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Sources of knowledge

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Sources of knowledge

  1. 1. TOPIC : SOURCES OF KNOWLEDGE Knowledge is habitually defined as a belief that is true and justified. The philosopher Plato famously defined knowledge as "justified true belief". Knowledge is a familiarity, awareness or understanding of someone or something, such as facts, information, descriptions, or skills, which is acquired through experiences or education by perceiving, discovering or learning. On comparing knowledge and wisdom, knowledge is the accumulation of facts and information and wisdom is the synthesis of knowledge and experiences into insights that deepen one’s understanding of relationships and the meaning of life. Education is really a means to discover new things which we don’t know about and increase our knowledge. Hence, it is important to provide effective teaching-learning experiences by means of constructing productive curriculum. There are three important foundation of education - Ontological (related to the nature of knowledge) Epistemic (related to theory of knowledge) and Axiological (related to values). Of these three, epistemic foundation is the most fundamental one. Epistemology is the theory of knowledge. It deals with knowledge as a universal matter and aims to discover what is involved in the process of knowing. As such it belongs for the most part to the critical or analytical aspects of philosophy. TYPES OF KNOWLEDGE AND THEIR SOURCES Philosophers have traditionally maintained that there are two types of knowledge from two entirely different sources. 1. Experiential knowledge or a posteriori knowledge : it is the knowledge through experience ie. seeing something, hearing about something, feeling something. The Latin term a posteriori literally means knowledge that is posterior to – or after experience. The view that experience is the primary source of knowledge is called empiricism. John Locke, George Berkeley and David Hume are the important empiricists. 2. Non-Experiential knowledge or a Priori knowledge : It is the knowledge which does not come from experience, but perhaps instead is supplied from reason itself, such as Submitted to Dr.Rages John Asst Professor of Educational Psychology GBCTE Submitted by Ashisha Sadanandan Roll no: 7 I B.Ed English Optional GBCTE
  2. 2. logical and mathematical truths. This is called a priori knowledge, which, from Latin, literally means knowledge that is prior to experience. The view which says that our knowledge is essentially knowledge of universal and that these are known by the mind and not experience is called rationalism. René Descartes, Benedict Spinoza, and Gottfried Leibniz are its main followers. Sources of Experiential (a posteriori) knowledge  Perception: Perception involves that which can be perceived through the experiences of the senses. Each of our five senses is like a door to the outside world; when we throw them open, we are flooded with an endless variety of sights, sounds, textures, smells and tastes.. By seeing, hearing, smelling, feeling and tasting We form our composite of the world around us.  Introspection: it involves directly experiencing our own mental states. Introspection is like a sixth sense that looks into the most intimate parts of our minds, which allows us to inspect how we are feeling and how our thoughts are operating. For e.g.: If I go to my doctor complaining of an aching back, she'll ask me to describe my pain. Through introspection I then might report, "Well, it’s a sharp pain that starts right here and stops right here." The doctor herself cannot directly experience what I do and must rely on my introspective description. Like perception, the problem with introspection is that it is not always reliable. When surveying my mental states, I may easily falsely describe feelings, such as mistaking a feeling of disappointment for a feeling of frustration. Other mental states seemto defy any clear descriptions at all, such as feelings of love or happiness.  Memory: Memory is like a recording device that captures events that one experience more or less in the order that they occur. This recollection itself constitutes a new experience. Again, the problem with experiential knowledge through memory is that it is not always reliable. All of the sources mentioned so far are internal sources. They are “internal” in the sense that they involve our own interpretation of experience. But there are two “external” sources, which utilize the interpretation of others. These are  Testimony : Testimony relies on others to acquire knowledge and communicate it to us. Some deny that testimony can be a source of knowledge, and insist that beliefs gained through testimony must be verified in order to be knowledge.  Authority : Whenwe accept whata respectedorfamouspersontellsus,we are gainingknowledge viaauthority.Aswe were growingup,ourparentsprovidedus withinformationthat,forthe mostpart, we didnot question,especiallywhenwe were veryyoung.Inschoolswe gainedknowledgefromteacherswhomwe viewed as authorityfigures. Acceptingthe wordof an authorityfigure maybe a reliableand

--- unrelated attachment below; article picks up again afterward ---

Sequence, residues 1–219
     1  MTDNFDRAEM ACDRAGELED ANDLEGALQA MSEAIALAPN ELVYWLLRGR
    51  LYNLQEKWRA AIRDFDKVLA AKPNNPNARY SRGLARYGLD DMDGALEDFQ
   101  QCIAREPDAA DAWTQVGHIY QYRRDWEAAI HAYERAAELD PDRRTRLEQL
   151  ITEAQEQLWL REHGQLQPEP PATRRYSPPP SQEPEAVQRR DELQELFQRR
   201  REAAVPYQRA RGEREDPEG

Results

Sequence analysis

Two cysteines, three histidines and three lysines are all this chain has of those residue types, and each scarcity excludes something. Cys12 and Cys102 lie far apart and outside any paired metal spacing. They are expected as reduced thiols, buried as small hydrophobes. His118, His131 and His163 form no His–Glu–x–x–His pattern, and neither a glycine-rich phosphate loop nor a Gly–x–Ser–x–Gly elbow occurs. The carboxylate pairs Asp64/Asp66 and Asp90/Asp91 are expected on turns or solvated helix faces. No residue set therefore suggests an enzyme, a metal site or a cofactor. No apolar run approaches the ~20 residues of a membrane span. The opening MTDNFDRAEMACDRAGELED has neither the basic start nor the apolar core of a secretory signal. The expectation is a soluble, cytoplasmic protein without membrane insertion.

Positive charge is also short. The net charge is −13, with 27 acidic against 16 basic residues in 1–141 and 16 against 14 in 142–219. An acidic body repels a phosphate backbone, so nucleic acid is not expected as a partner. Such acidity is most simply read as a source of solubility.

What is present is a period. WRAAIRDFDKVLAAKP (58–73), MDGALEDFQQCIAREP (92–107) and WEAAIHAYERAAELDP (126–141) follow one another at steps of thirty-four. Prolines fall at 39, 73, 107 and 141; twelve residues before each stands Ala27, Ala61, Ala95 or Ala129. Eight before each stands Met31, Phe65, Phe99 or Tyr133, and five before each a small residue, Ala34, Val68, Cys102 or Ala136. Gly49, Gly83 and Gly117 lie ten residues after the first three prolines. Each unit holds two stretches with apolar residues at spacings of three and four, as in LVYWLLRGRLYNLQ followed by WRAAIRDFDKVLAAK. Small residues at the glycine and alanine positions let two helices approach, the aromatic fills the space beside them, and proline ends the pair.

3. 3. validmeansof gainingknowledge,butonlyif the individualistrulyanauthorityon the subject.Thus,we needtoquestion“authoritative”sourcesof knowledge and developanattitude of scepticismsothatwe do not blindlyacceptwhateveris presentedtous. Sources of Non-Experiential Knowledge  Reason : Non-Experiential knowledge is the knowledge that flows from human reason itself, unpolluted by experience. Reason is the central source in acquiring knowledge of these types. We presumably gain access to this knowledge through rational insight. Knowledge viarationalisminvolveslogical reasoning.Withthisapproach, ideasare preciselystatedandlogical rulesare appliedtoarrive ata logicallysound conclusion. Rational ideas are often presented in the form of a syllogism. For e.g. : All humans are mortal; I am a human; Therefore, I am mortal. Science as a source of knowledge : Gaining knowledge via science, involves a merging of rationalism and empiricism. Scientists collect data (make empirical observations) and test hypotheses with these data (assess themusing rationalism). Hypothesis is a prediction regarding the outcome of a study. Hypotheses are stated in such a way that they are testable. In science, the goal of testing hypotheses is to arrive at or test a theory— an organized systemof assumptions and principles that attempts to explain certain phenomena and how they are related. In addition to helping us organize and explain facts, theories help in producing new knowledge by steering researchers toward specific observations of the world Some Other sources : Apart from these sources there are some other sources of gaining knowledge, but opinions vary regarding the reliability of these sources. They are : Intuition: It means that we have knowledge of something without being consciously aware of where the knowledge came from. Often people say things like “I don’t know, it’s just a gut feeling” or “I don’t know, it just came to me, and I know it’s true.” These statements represent examples of intuition. Sometimes we intuit something based not on a “gut feeling” but on events we have observed. The problem is that these events may be misinterpreted and not representative of all events in that category. Tenacity : Gaining knowledge via tenacity involves hearing a piece of information so often that one begins to believe it is true, and then, despite evidence to the contrary, cling stubbornly to that belief. This method is often used in political campaigns, where a particular slogan is repeated so often that we begin to believe it.